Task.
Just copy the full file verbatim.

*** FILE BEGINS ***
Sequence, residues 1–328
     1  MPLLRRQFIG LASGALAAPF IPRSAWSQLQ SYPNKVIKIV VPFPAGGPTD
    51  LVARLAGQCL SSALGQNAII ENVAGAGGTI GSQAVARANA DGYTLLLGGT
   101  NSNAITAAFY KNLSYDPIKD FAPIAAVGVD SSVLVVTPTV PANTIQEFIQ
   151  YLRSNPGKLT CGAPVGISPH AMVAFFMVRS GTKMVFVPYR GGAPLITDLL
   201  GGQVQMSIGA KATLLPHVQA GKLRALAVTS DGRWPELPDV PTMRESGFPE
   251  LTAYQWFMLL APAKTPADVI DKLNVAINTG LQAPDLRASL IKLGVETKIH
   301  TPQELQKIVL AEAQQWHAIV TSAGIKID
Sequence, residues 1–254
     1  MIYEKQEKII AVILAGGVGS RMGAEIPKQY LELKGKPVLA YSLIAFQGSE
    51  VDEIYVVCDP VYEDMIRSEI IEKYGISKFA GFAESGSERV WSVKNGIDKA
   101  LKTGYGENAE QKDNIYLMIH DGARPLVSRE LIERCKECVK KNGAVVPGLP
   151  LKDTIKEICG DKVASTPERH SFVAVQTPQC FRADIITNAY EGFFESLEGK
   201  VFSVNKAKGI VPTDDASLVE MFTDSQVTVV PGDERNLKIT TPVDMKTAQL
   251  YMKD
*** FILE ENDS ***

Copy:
Sequence, residues 1–328
     1  MPLLRRQFIG LASGALAAPF IPRSAWSQLQ SYPNKVIKIV VPFPAGGPTD
    51  LVARLAGQCL SSALGQNAII ENVAGAGGTI GSQAVARANA DGYTLLLGGT
   101  NSNAITAAFY KNLSYDPIKD FAPIAAVGVD SSVLVVTPTV PANTIQEFIQ
   151  YLRSNPGKLT CGAPVGISPH AMVAFFMVRS GTKMVFVPYR GGAPLITDLL
   201  GGQVQMSIGA KATLLPHVQA GKLRALAVTS DGRWPELPDV PTMRESGFPE
   251  LTAYQWFMLL APAKTPADVI DKLNVAINTG LQAPDLRASL IKLGVETKIH
   301  TPQELQKIVL AEAQQWHAIV TSAGIKID
Sequence, residues 1–254
     1  MIYEKQEKII AVILAGGVGS RMGAEIPKQY LELKGKPVLA YSLIAFQGSE
    51  VDEIYVVCDP VYEDMIRSEI IEKYGISKFA GFAESGSERV WSVKNGIDKA
   101  LKTGYGENAE QKDNIYLMIH DGARPLVSRE LIERCKECVK KNGAVVPGLP
   151  LKDTIKEICG DKVASTPERH SFVAVQTPQC FRADIITNAY EGFFESLEGK
   201  VFSVNKAKGI VPTDDASLVE MFTDSQVTVV PGDERNLKIT TPVDMKTAQL
   251  YMKD